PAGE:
As the 60-year cycle enters its final few weeks of descent, a few conclusions can be made. We can also make some projections as to what the foreseeable future might hold based on the upcoming bottom of this important economic cycle.
Since the 60-year cycle is the primary cycle governing inflation and deflation, it makes sense that its impact will be most strongly felt in the prices of inflation-sensitive commodities. Its force is also evident in wages, interest rates, and other factors which influence the general course of the economy. One of the biggest areas affected by the cycle is in earnings and income growth.
The graph below shows the year over year change in total earnings in the U.S. since the 1960s. The peak in earnings on a percentage change basis occurred around the time of the last 60-year cycle peak in the early 1980s. After the plunge of the 1980s, earnings growth for production and nonsupervisory workers has never come close to regaining the peak from 30+ years ago. This exhibit provides some context for the influence of the economic long-wave and the economic trends it generates.
Many observers have noted the disparity of fortunes in recent years between the upper and lower classes within the U.S. The recovery of the last five years has unquestionably benefited the upper class (the so-called “1 percent”). The massive rebound in equity prices has helped the rich much more than the middle class due to the increased exposure to the stock market enjoyed by the former group. The middle class by contrast has seen its fortunes wane since the crisis years of 2007-2008. This is due in part to the middle class’s lower exposure to equities and can also be attributed to the lack of wage growth.
Another important reason for the lack of a strong rebound in the middle class economy can be seen in the following graph.
The above graph shows the expenditures of the federal government going back the last several years. Following a brief spike in government spending in the post-credit crisis period, the rate of change in expenditures plummeted and has never quite recovered to its much higher historical average. This is one of the key reasons why the middle class economy has been relatively slow to recovery since 2008.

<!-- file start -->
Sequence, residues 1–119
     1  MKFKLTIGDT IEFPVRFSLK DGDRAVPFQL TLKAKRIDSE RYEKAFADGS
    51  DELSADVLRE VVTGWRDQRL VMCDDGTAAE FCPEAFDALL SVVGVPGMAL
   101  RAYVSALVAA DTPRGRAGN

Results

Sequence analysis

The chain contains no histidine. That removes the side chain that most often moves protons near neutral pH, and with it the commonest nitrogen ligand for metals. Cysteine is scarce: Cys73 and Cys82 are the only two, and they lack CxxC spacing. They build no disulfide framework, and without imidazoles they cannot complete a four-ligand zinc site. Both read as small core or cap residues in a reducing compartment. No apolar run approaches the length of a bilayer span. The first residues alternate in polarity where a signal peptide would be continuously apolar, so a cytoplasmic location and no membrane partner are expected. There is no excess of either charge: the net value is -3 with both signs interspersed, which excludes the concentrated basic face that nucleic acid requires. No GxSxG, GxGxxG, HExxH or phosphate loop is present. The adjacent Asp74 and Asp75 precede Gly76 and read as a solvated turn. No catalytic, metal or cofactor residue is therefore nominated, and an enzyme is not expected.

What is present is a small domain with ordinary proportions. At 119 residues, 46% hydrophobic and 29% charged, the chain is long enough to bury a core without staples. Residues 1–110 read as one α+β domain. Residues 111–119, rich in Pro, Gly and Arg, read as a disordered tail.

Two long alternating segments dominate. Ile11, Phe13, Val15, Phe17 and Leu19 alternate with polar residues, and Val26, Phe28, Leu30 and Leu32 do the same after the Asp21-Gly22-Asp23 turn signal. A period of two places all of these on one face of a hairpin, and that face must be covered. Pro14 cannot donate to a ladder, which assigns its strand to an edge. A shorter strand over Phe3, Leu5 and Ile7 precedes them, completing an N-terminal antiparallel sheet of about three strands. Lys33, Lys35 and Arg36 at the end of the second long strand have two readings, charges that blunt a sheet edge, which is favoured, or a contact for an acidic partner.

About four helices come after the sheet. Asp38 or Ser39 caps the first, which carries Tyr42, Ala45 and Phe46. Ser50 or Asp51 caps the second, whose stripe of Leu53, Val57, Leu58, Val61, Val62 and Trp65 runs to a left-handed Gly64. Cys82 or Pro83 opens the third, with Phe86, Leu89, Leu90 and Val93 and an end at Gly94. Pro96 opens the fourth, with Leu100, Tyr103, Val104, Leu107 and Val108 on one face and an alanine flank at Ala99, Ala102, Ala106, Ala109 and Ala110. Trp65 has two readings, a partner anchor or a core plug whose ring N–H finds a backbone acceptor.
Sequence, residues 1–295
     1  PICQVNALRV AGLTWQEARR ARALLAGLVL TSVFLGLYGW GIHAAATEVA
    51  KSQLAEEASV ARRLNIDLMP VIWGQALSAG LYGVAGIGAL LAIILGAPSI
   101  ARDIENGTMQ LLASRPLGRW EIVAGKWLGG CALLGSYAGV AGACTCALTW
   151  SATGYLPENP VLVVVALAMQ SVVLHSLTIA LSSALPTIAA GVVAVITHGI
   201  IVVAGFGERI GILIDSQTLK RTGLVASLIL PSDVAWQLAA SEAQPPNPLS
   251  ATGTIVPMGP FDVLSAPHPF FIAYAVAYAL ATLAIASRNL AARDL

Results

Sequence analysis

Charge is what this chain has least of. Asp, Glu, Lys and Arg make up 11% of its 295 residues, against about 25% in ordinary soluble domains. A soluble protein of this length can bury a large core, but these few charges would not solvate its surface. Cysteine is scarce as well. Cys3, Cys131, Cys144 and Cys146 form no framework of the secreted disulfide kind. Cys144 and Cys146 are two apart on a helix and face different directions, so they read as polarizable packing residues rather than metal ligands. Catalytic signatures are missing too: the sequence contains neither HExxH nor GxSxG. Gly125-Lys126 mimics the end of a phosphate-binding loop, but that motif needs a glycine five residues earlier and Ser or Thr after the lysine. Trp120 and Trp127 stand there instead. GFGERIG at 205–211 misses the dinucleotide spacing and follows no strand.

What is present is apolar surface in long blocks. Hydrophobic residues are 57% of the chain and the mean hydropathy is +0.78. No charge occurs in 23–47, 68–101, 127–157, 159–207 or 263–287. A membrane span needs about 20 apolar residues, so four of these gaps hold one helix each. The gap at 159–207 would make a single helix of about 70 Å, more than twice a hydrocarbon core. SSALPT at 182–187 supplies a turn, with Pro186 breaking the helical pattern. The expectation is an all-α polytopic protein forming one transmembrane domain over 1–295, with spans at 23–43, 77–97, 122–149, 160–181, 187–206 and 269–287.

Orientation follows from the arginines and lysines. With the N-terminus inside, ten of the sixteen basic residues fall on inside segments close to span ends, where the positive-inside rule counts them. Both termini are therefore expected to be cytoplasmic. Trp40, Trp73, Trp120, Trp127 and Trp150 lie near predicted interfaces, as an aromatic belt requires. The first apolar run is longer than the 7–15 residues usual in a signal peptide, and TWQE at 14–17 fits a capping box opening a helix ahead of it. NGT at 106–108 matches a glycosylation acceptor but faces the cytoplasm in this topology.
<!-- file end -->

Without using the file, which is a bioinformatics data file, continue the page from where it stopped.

During the last five years the middle class has seen its tax burden rise along with cost of living increases, yet there has been no commensurate rise in services provided. In other words, the government has continuously taken from the pockets of the working class without giving back in the form of direct spending, such as infrastructural repairs, contract building, etc. This refusal to spend by the government during a time of acute crisis for the middle class is effectively an austerity policy. Government has persistently focused on lowering the budget deficit in recent years by raising taxes and through forced spending (e.g. Obamacare) instead of cutting taxes, which paradoxically would have increased government tax receipts through the higher levels of consumer and business spending it would have engendered.
What we have witnessed during the past five years has been a dual fiscal and monetary policy of both austerity and stimulus: government fiscal policy has been austere while central bank monetary policy has been liberal. The net result of this conflicting set of policies has been to force the brunt of the deflationary 60-year cycle upon the middle class while shielding the moneyed classes from its effects.
Indeed, the Fed’s loose monetary policy known as QE has all but blunted the impact of the final deflationary leg of the 60-year cycle for the financial sector. Equity prices were largely exempt from the final 5-6 years of the deflationary long-wave. The 2008 credit crash was essentially the “super crash” that many long-wave analysts were calling for. It arrived a few years ahead of schedule but was still within the final “hard down” phase of the 60-year cycle (defined as the last 10 percent of the cycle’s duration). The recovery since the 2008 super crash was fierce and unprecedented, thanks largely to the scope and scale of the Fed’s intervention.
Now that the 60-year cycle is winding down we can see the last vestiges of its deflationary pressure in certain inflation-sensitive commodities. The crude oil price has been in decline since June, as you can see in the following graph. Since a wide range of retail consumer prices are based on the oil price, the lower the price of oil goes, the better it will bode for the retail economic outlook entering 2015 once the new 60-year up-cycle kicks off.